MIT DEM TELLER NACH BONN SERIE, 2016. © Juergen Teller
Juergen Teller, born in 1964 in southern Germany, is one of the world’s most sought-after contemporary photographers. His works, many of which take the form of extensive series, are published in books and magazines and are shown in
In the exhibition, works like Siegerflieger and My Man Crush, Pep Guardiola transform the Foyer in the Bundeskunsthalle into a public viewing area, where images of victories and defeats bear witness to Teller’s feel for capturing decisive moments. Other groups of works, extended over three rooms, are more autobiographical and occasionally anecdotal: quiet landscapes from Nürnberg, carefully staged yet unsparingly candid images of himself in The Clinic and subjective documentations of his engagement with his youth and his origins such as Irene im Wald. The latest series, Mit dem Teller nach Bonn and Plates/Teller, seem to bring together and concentrate all his earlier themes and compositions. The protagonists’ games with a plate – the German word for plate is Teller, and so the plate acts as a synonym and stand-in for the photographer – are captured in compositions that are as tender as they are exuberant, direct and honest, full of humour and strangely touching. Many of his complex narratives only unfold upon a closer look.
EVA HERZIGOVA, MIT DEM TELLER NACH BONN SERIE, 2016. © Juergen Teller
In 1986, Teller moved to London and began to work for trendy music, zeitgeist and fashion magazines. He came to fame in 1991 when he photographed the band Nirvana, and his pictures of Kurt Cobain were published. Since then his pictures have straddled the interface of art and commercial photography. His stylistic device of choice is the portrait. Working in the areas of music, fashion and celebrities as well as everyday scenes and landscape, he draws on his intuitive feel for people, situations, milieus and clichés to create images of great immediacy and deceptive simplicity. His compositions often convey a sense of the incidental or even slapdash, but on closer inspection it becomes clear that they are very carefully composed and conceptualised. Implicit in many of his works is the deliberate breach of viewer expectations – Teller does not idealise, romanticise or prettify. Instead, his pictures aim for the very core of the subject and foreground the idea of imperfect beauty.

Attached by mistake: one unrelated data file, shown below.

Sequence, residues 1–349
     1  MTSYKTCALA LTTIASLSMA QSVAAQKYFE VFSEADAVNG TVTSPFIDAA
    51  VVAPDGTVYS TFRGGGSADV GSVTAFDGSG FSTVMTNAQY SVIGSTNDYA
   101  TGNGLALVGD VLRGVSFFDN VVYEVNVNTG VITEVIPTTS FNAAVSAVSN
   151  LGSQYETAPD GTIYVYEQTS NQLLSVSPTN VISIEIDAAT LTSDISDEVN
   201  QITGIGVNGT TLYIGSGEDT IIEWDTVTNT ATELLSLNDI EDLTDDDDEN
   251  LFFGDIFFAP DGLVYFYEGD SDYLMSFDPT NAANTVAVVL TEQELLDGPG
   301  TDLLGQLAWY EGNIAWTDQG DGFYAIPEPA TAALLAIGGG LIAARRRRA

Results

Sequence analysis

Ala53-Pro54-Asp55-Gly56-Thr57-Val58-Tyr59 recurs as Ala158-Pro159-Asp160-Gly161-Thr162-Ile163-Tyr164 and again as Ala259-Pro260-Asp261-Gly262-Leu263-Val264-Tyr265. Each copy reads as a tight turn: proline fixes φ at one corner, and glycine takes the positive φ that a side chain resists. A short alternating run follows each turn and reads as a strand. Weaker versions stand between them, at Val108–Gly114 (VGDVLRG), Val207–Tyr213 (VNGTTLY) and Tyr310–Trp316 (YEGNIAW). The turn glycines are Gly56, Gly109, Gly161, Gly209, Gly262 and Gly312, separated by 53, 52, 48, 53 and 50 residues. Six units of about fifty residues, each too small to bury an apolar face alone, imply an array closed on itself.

Deliberately distancing himself from the relentless glamour of fashion and people photography, Juergen Teller forged his own distinctive path. In his shoots for well-known fashion designers, he not only placed supermodels, pop stars and other celebrities in unexpected and often disturbing contexts, he also allowed their individuality to shine through, thus lifting the images out of established visual codes and preconceived expectations. Teller applies the same artistic principle to his non-commercial work. The resulting images – now more than ever – are baffling, unpredictable, cliché-defying, intimate, seemingly transgressive and in-your-face, but never compromising, because they are informed by great empathy and sensitivity.
JOAN DIDION, CELINE CAMPAIGN SPRING SUMMER 2015 © Juergen Teller
Juergen Teller demands a lot from his sitters. He expects them to let go of inhibitions and to embrace a raw and unvarnished authenticity, but he gives as good as he gets. He uses the set, the props, his camera and, above all, the sitters as a film director might and frequently acts as the protagonist of his own images, delegating the operation of the shutter release to someone else. In so doing, he integrates the viewer’s gaze into his visual conceptualisation and invites the audience to share in his playful game. His steady focus on the motif, candid and curious, open and unblinkered, calls for tolerance and curiosity on the part of the viewer.
After the presentation at the Art and Exhibition Hall, the exhibition will be shown in a different configuration at the Rudolfinum in Prague and the Martin Gropius Bau in Berlin.